(206) 949-5683, Top Rated Plumber, Seattle
Results 1 to 3 of 3

Thread: Please review DVW scheme for basement

  1. #1

    Default Please review DVW scheme for basement

    The attached plan shows an area of a walkout basement, slab on grade, in which there is a full bathroom and an adjacent washer/dryer closet. As can be seen, all fixtures on this floor drain through the slab to waste lines below.

    We plan to drain with line sizes as follows. Does this sound OK?

    W.C., 3"
    Lav sink, 1-1/4
    Tub/shower, 2"
    Washer, 2"

    As for venting, must the W.C. be vented behind the fixture? If so, what size vent?

    Can we get by without venting the W.C. behind, and consider the stack, seven feet down the discharge line, as the vent?

    The W.C. waste line is shown in the drawing as going over to the common wall between the bath and the mechanical room adjoining, where it goes into a 3" stack that brings the waste down from the bath above.

    The stack then turns at its base with a long turn 90, making the underslab main drain line, which runs under the slab at a pitch of 1/4" in 12, running out of the building to the septic tank.

    If we need to go from 3 inch to a 4 inch main waste line, where do we best make the transitions?

    One more question. It deals with the only other fixture drain that is in the basement slab, that for the tub/shower. How is a tub/shower best vented, when draining into a slab like shown, with a framed wall behind?
    Attached Images Attached Images  

  2. #2
    DIY scratch-pad engineer leejosepho's Avatar
    Join Date
    Nov 2006
    200 miles south of Little Rock


    First, I am only a DIY plumber and not an expert here.

    Personally, and even though the actual drain is smaller, I would use 2" for the lav sink also. And, I believe you need vents behind the lav and between the tub and washer.

    The biggest problem I see here, however, is that the basement bathroom is going to overflow if your septic system ever backs up ... and think of that this way:

    If you only had the basement bathroom going out into your septic system, you would immediately know there was a problem if the tub drain began running slow or the toilet would not flush properly ... and now go upstairs and consider what is going to happen when you flush there and the septic system backs up.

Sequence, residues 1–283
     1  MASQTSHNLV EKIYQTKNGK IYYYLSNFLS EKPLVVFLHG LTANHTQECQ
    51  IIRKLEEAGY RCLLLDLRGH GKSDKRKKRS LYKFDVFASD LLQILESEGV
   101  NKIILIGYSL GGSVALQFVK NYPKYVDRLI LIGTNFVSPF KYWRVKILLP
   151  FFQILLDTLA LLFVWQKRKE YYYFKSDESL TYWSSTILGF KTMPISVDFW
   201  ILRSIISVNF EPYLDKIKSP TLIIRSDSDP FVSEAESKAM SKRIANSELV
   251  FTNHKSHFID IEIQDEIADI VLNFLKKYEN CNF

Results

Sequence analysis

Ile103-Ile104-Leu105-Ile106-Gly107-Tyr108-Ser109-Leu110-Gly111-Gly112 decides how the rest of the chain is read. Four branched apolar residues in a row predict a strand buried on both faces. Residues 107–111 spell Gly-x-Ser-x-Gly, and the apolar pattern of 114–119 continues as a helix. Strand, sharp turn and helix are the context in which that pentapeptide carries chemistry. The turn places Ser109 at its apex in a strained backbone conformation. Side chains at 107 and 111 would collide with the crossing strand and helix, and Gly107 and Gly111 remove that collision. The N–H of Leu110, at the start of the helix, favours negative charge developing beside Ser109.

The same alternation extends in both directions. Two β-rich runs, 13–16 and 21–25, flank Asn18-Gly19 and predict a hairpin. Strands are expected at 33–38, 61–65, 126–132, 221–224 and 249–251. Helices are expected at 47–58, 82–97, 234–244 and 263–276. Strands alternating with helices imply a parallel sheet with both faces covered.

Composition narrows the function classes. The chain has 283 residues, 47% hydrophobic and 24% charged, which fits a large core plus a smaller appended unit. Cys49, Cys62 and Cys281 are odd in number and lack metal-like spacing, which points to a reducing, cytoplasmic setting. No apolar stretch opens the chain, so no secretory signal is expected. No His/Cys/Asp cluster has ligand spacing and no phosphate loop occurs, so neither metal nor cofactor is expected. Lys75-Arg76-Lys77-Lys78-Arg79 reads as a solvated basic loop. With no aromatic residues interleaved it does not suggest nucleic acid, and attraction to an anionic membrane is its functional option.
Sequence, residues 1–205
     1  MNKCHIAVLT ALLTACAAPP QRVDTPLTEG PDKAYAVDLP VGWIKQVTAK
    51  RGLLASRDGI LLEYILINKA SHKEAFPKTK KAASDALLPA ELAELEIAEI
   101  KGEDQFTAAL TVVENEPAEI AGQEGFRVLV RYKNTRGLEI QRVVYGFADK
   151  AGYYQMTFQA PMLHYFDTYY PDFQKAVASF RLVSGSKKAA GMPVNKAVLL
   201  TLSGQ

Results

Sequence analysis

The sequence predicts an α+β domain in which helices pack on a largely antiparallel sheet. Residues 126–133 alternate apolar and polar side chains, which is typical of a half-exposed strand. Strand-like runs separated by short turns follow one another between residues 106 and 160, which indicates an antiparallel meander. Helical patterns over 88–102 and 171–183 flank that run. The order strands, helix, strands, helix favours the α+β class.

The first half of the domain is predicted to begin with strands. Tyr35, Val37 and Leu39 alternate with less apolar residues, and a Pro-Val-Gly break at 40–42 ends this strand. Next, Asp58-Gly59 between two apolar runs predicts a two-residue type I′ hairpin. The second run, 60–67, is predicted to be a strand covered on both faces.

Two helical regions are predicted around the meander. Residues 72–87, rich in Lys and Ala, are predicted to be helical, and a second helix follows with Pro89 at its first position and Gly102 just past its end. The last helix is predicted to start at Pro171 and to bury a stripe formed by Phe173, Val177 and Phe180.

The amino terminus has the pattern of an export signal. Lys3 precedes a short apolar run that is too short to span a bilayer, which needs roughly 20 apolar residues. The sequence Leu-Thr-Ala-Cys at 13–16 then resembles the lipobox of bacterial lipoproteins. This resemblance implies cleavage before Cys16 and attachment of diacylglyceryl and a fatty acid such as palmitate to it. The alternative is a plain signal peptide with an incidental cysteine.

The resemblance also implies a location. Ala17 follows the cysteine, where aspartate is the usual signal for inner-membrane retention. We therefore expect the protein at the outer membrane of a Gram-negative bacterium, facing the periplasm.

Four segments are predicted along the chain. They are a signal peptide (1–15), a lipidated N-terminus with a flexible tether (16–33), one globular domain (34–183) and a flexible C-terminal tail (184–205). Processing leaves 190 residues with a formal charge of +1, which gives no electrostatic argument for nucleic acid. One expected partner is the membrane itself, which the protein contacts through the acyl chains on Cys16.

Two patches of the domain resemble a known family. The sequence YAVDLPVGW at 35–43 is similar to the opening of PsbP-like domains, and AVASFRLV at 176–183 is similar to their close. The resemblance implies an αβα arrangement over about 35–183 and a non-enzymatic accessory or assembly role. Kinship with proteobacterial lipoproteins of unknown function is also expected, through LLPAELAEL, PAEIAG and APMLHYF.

Even though your slab-out drainage seems quite convenient, I would nevertheless pump that basement bath out through a sump and pump with a check valve.
    Last edited by leejosepho; 05-04-2007 at 01:55 PM.

  3. #3
    Homeowner geniescience's Avatar
    Join Date
    Nov 2005
    humid summers hot, humid winters cold

    Default vent every wall, in the wall

    Quote Originally Posted by gdavis
    .... bathroom and an adjacent washer/dryer .... must the W.C. be vented behind the fixture? .... How is ... best vented ... with a framed wall behind?
    AFAIK, it looks like a good start. The questions about venting mean that you may not have a handle on the whole concept... The toughest question is about the WC: in a horizontal plane installation, you don't try to vent a WC per se, instead you route the sink drain over to connect as close as possible to the WC's 3" drain. AFAIK. As for all the other fixtures, you put a vent in the wall right at the point where the P trap arm goes into the wall, and with a SanTee you connect that arm to that vented pipe. This means you need a vent in the wall behind the Washer, at the tub, behind the lavatory, etc. The vent is a pipe that you connect to any other vent; only one of them needs to be connected to the outside. AFAIK. You don't need to upsize to 4"; staying with a 3" pipe is good for sweeping solids out of the pipe.



Posting Permissions

  • You may not post new threads
  • You may not post replies
  • You may not post attachments
  • You may not edit your posts